One of my favorite cartoons shows a group of cavemen standing on top of a cliff, watching one of their own fall over the edge. But he hasn’t fallen—he’s been thrown. As he falls, the group’s leader looks angrily at the others. “Well, is there anyone else here whose needs are not being met?”
This is a mischievous but timely critique of a culture in which we expect everything—including our marriages—to meet our needs.
When we approach marriage expecting our needs to be met, we fail to understand the real nature of love, and we sow seeds of marital destruction. God hasn’t designed marriage as a means to meet our personal needs. Assuming marriage is about meeting needs is dangerous for at least two reasons.
1. Because it’s not real love.
Inward-looking marriage isn’t real love because it encourages us to view sex and marriage selfishly. “If you love those who love you, what benefit is that to you?” Jesus asked (Luke 6:32). Any love that merely gazes adoringly into the eyes of another who adores us isn’t really love at all.
One of the most frightening things about Jesus’s parable of the rich man and Lazarus (Luke 16:19–31) is that the rich man seems to have been a good family man. Even in the place of the dead he’s concerned for his brothers. But his so-called love isn’t really love at all, for it never extends to Lazarus, the poor man lying at his gate. He cares for his family, but his care doesn’t overflow to needy people outside.
Marriage and family can easily become a respectable form of selfishness. If we marry mainly to meet our own needs, then our marriages will be just that: good-looking masks for selfishness.
If we marry mainly to meet our own needs, then our marriages will be just that: good-looking masks for selfishness.
It is a short step from “loving you” to “loving me and wanting you.” And it’s too easy for Christians to think of marriage as a discipleship-free zone. Outside of marriage we love to talk about sacrifice, taking up our cross, and so on. But inside marriage we often talk about how to communicate better, how to be more intimate, how to have better sex, how to be happy.
If a marriage isn’t serving God, no amount of personal and sexual fulfillment will make it right. After all, so far as we can see, Ananias and Sapphira had a marriage with excellent communication and shared values. Each understood the other perfectly, yet they suffered terrible deaths under the righteous judgment of God (Acts 5:1–11).
2. Because it destroys marriages and society.
A self-centered view of sex and marriage destroys marriage and society. At a time when we have higher-than-ever expectations of what marriage offers, marriages are crumbling as never before.
We can see this destructiveness by looking at how societies work. Societies in which sex and marriage are viewed as a means to personal fulfillment encourage a man and a woman to gaze into each other’s eyes, encourage each to find in the other all they need, each to be all to the other. Such cultures promote what we may call a “religion of coupledom,” in which the goal of every man and woman is to live in such an exquisite union. The very word “relationship,” when used as shorthand for “sexual relationship,” reveals this way of thinking. To not be in a “relationship” is presumably to be lonely. And if it were true that “relationship” is found primarily in sexual relationship, then we would have to seek sexual intimacy at all costs. We don’t need to swallow this lie.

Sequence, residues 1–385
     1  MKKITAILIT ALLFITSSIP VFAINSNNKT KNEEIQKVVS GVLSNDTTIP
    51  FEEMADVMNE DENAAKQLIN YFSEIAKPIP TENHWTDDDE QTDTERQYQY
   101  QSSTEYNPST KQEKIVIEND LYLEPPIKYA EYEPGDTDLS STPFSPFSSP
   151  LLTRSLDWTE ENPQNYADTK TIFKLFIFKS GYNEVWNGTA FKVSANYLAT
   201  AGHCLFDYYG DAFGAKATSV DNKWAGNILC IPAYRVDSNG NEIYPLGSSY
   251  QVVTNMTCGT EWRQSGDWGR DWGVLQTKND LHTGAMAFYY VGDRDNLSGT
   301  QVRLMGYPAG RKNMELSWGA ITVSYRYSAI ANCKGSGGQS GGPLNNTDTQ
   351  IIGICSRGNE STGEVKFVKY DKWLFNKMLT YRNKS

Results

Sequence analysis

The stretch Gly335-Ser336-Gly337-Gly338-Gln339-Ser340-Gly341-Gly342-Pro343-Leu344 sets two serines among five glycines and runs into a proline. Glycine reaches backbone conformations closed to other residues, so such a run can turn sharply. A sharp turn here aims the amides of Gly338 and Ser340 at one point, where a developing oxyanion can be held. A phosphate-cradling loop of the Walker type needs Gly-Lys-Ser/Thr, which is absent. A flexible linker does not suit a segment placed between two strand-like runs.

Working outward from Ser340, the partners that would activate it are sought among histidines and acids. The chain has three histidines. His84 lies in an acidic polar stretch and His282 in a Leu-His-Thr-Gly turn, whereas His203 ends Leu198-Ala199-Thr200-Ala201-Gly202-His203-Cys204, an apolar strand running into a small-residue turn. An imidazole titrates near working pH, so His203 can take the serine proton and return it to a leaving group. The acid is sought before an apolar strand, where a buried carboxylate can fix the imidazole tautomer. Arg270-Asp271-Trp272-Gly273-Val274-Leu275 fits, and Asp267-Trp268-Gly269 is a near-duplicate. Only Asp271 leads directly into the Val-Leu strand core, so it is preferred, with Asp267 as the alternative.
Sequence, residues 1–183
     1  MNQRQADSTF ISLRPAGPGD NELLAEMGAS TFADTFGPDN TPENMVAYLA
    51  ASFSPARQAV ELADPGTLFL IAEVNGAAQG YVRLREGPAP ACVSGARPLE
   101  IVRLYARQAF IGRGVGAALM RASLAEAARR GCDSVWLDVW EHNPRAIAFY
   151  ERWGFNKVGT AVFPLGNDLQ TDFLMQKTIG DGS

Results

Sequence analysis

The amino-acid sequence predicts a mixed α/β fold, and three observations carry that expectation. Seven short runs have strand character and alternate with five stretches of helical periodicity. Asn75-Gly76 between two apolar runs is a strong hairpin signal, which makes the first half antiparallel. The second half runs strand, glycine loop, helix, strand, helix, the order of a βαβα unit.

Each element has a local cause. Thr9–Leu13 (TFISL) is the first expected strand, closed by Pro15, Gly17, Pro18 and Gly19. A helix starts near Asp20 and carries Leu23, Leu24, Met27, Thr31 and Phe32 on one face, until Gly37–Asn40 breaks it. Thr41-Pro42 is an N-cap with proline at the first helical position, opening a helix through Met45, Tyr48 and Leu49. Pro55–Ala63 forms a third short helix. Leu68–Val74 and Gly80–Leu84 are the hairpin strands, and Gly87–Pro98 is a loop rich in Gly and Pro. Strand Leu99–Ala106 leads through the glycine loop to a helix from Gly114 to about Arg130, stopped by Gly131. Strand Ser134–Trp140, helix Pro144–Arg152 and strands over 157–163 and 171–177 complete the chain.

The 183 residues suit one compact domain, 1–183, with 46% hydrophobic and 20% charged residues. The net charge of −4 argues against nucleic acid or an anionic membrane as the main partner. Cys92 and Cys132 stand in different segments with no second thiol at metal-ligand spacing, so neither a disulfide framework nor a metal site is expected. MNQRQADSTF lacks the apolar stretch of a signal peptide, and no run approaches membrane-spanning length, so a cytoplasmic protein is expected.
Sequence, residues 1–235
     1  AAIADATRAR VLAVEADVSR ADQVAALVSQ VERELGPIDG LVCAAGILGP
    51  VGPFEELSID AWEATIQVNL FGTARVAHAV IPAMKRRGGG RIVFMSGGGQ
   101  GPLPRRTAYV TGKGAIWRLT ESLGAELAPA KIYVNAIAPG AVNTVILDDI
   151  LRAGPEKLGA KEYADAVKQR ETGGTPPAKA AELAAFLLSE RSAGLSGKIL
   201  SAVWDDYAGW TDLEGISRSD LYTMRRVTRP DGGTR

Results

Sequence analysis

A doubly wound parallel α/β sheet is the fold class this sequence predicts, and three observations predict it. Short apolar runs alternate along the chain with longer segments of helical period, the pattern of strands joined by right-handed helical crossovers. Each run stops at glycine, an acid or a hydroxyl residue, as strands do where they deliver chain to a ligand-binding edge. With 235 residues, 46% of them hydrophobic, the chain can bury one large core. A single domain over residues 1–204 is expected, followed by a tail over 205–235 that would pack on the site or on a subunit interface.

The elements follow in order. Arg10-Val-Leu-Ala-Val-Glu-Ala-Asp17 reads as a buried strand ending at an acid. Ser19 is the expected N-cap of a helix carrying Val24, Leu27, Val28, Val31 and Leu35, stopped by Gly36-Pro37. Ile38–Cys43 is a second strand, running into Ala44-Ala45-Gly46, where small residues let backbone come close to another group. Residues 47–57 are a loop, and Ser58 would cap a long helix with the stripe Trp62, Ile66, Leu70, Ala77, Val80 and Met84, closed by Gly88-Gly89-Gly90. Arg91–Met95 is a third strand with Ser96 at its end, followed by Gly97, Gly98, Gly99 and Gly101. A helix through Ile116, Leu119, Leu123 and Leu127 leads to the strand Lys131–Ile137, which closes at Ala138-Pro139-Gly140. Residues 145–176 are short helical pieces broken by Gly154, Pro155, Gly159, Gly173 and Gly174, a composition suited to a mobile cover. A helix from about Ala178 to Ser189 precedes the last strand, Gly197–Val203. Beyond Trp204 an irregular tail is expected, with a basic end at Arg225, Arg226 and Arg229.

Overemphasizing couples as couples also isolates them from the supportive influences of wider family and society. The defining moment is thought to be when they’re alone in the bedroom, not when they’re serving as a new social and family unit. Historian Lawrence Stone writes:
It is an ironic thought that just at the moment when some thinkers are heralding the advent of the perfect marriage based on full satisfaction of the sexual, emotional, and creative needs of both husband and wife, the proportion of marital breakdowns . . . is rising rapidly.
Christopher Brooke, another historian, observes: “While faced with the spectacle of broken marriages, we have come (by a strange paradox which however goes very deep into the roots of the subject) to expect far more from a happy marriage.” Yet one theologian put it, “Even the smallest cottage of the happiest of lovers cannot be habitable unless it has at least a door and a few windows opening outwards.”
The key to a good marriage isn’t to pursue a good marriage, but to pursue the honor of God.
We are not made to gaze forever into the eyes of another human being and find in them all we need. If we think we are, we’re bound to be disappointed. If my dear wife ever thought I could be everything to her, she certainly knows better now! And, of course, if I think marriage is there to meet my needs, what do I do when it fails to meet them?
This irony—that we expect so much of marriage but find it disappointing—is an irony Scripture understands perfectly. It’s called idolatry. If I pursue any goal above the honor of God, I’m worshiping an idol. The moment I make my “relationship” the goal of my life, I doom myself to disappointment.
Surprisingly, the key to a good marriage isn’t to pursue a good marriage, but to pursue the honor of God.
Editors’ note: This is an adapted except from Christopher Ash’s book Married for God: Making Your Marriage the Best It Can Be (Crossway, 2016).